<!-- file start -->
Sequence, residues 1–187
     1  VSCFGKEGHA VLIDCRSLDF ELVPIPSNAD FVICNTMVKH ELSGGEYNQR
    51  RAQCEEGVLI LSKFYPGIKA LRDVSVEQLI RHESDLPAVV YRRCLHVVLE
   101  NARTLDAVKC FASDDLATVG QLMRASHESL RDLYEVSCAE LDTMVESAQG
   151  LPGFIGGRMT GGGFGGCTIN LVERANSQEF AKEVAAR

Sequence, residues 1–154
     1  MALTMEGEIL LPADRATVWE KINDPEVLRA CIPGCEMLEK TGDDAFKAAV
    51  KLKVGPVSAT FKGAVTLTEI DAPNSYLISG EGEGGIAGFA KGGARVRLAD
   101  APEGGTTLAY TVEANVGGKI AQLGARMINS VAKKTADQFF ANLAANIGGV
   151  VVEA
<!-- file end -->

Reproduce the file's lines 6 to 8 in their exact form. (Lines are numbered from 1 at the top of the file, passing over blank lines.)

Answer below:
Sequence, residues 1–154
     1  MALTMEGEIL LPADRATVWE KINDPEVLRA CIPGCEMLEK TGDDAFKAAV
    51  KLKVGPVSAT FKGAVTLTEI DAPNSYLISG EGEGGIAGFA KGGARVRLAD